The Pink Fairies were a hard rock trio from London's Ladbroke Grove area, originally evolving out of an outfit called The Deviants, which featured bassist/vocalist Duncan Sanderson and drummer Russ Hunter, both of whom would form The Pink Fairies with guitarist/vocalist Paul Rudolph and drummer John Adler, a.k.a. Twink, in early 1971. They released their debut album, " Never Never Land" on Polydor Records in May 1971. This album contained their so-called "signature" tune, "Uncle Harry's last Freak out", the track which was featured on the Glastonbury Fayre album which came out in the early seventies. The next a lbum, "What a bunch of Sweeties", released in 1972, featured ex-Move guitarist Trevor Burton. Guitarist Mick Wayne, ex-Junior's Eyes, replaced Paul Rudolph who joined Uncle Dog, and would later end up in Hawkwind. The third album, "Kings of Oblivion", saw Larry Wallis, previously of Blodwyn Pig and UFO, replace Wayne. The band split in March 1974 but reformed for a once off reunion gig at The Roundhouse in July 1975. The reformed Pink Fairies returned to the studio but split again in 1977, just one single being recorded as a result of the reformation. The Deviants reformed in the mid eighties, as did the Fairies, releasing an album called " Kill ' em and Eat ' em". Later reformations featured Twink and Paul Rudolph, and an album called "Pleasure Island" was released in 1996.
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Biography by Jason Ankeny
The excessive, drug-fueled Pink Fairies grew out of the Deviants, a loose-knit band formed in 1967 by members of the West London hippie commune Ladbroke Grove. Initially dubbed the Social Deviants and consisting primarily of vocalist Mick Farren, guitarist Paul Rudolph, bassist Duncan Sanderson and drummer Russell Hunter, the group also featured satellite members Marc Bolan, Steve Peregrine Took and players from the band Group X, later rechristened Hawkwind. After three noisy, psychedelic albums and a U.S. tour, Farren exited to become a music journalist; the remaining Deviants returned to London, where they recruited vocalist and former Pretty Things drummer Twink (born John Alder), who suggested the name Pink Fairies. Despite gaining a reputation for mythic debauchery, the group remained largely an underground sensation before signing to Polydor and issuing their 1971 debut Never Never Land, a manic, decadent album featuring the live staples "Do It" and "Uncle Harry's Last Freak Out."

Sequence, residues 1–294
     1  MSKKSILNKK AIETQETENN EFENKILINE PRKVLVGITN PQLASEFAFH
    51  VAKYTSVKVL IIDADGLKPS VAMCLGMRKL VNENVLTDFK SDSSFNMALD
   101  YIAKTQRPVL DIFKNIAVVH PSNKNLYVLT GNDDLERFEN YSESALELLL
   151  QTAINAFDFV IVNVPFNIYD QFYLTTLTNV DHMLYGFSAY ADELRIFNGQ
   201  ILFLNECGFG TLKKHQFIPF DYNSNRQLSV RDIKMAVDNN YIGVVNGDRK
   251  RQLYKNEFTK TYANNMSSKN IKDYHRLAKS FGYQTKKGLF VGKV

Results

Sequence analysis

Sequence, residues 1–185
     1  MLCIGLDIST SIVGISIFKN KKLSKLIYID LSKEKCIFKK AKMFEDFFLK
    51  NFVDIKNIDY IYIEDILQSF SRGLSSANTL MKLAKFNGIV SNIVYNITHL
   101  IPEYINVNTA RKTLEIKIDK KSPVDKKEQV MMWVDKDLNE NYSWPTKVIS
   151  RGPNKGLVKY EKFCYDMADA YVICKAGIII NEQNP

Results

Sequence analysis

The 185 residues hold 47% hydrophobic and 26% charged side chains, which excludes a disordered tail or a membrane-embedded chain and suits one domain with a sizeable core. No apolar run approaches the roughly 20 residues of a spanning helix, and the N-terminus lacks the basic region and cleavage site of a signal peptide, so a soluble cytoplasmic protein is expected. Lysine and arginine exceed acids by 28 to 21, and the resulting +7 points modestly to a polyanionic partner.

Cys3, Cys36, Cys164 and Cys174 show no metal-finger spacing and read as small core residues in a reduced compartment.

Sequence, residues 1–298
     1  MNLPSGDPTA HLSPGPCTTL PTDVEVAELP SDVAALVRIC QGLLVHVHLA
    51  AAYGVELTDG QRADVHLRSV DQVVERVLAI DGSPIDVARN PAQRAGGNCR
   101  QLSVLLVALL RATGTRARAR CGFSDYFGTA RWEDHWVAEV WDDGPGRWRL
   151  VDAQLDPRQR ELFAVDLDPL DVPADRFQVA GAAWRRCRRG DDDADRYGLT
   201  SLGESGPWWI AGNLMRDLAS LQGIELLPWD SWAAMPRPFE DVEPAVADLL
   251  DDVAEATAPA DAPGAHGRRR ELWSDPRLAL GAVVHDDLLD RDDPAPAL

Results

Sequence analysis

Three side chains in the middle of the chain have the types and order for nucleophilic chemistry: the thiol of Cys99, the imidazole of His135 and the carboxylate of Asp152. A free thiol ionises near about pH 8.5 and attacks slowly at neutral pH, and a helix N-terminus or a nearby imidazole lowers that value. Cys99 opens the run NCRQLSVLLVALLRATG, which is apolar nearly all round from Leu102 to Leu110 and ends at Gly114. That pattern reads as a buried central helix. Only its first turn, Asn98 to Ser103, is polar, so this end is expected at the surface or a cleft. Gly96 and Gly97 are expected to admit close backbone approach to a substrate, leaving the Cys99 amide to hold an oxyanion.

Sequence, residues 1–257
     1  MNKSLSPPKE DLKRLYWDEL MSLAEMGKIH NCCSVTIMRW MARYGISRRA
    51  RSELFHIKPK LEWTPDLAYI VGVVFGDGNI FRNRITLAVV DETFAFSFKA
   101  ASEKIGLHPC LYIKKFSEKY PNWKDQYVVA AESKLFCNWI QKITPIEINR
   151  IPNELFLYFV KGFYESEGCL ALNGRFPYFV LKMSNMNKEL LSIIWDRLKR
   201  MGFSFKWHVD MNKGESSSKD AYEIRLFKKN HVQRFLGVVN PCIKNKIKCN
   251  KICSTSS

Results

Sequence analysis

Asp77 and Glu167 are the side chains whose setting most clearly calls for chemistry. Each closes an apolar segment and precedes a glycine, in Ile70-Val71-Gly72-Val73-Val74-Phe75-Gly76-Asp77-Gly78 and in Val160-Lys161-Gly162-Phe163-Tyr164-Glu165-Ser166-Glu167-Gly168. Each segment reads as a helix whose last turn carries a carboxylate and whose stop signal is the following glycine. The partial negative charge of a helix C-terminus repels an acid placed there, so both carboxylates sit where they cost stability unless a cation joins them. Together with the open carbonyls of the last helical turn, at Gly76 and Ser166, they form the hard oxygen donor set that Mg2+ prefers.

Shortly after the record's release Twink departed, and the Pink Fairies continued on as a trio for 1972's What a Bunch of Sweeties; recorded with assistance from the Move's Trevor Burton, the album reached the Top 50 on the U.K. charts, and was the group's most commercially successful effort. Soon, Rudolph exited to become a full-time member of Hawkwind, and was replaced by UFO's Larry Wallis for 1973's hard-rock excursion Kings of Oblivion. Twink rejoined the Pink Fairies' ranks a short time later, but the group nonetheless disbanded before the end of the year.

In 1975, the Kings of Oblivion-era line-up reunited for a one-off London gig; an enthusiastic response led to the official reformation of the nucleus of Rudolph, Sanderson and Hunter, who added former Chilli Willi and the Red Hot Peppers vocalist Martin Stone before again disbanding in 1977. A decade later, the original line-up — minus Rudolph, but including Wallis — reunited for the album Kill 'Em and Eat 'Em before calling it quits yet one more time. 


Russell Hunter
Paul Rudolph
Duncan Sanderson
Martin Stone
Larry Wallis

Chilli Willi & the Red Hot Peppers
The Damned

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Pink Fairies - 1971 - Never Never Land - 4/5

Pink Fairies - 1972 - What a Bunch of Sweeties - 2.5/5

Pink Fairies - 1973 - Kings of Oblivion - 4.5/5

Pink Fairies - 1982 - Live at the Roundhouse 1975 - 2.5/5

Pink Fairies - 1982 - Previously Unreleased - 3.5/5

Pink Fairies - 1987 - Kill 'Em & Eat 'Em - 3/5

Pink Fairies - 1998 - Uncle Harry - 2.5/5

Pink Fairies - 1999 - Do It - 4/5



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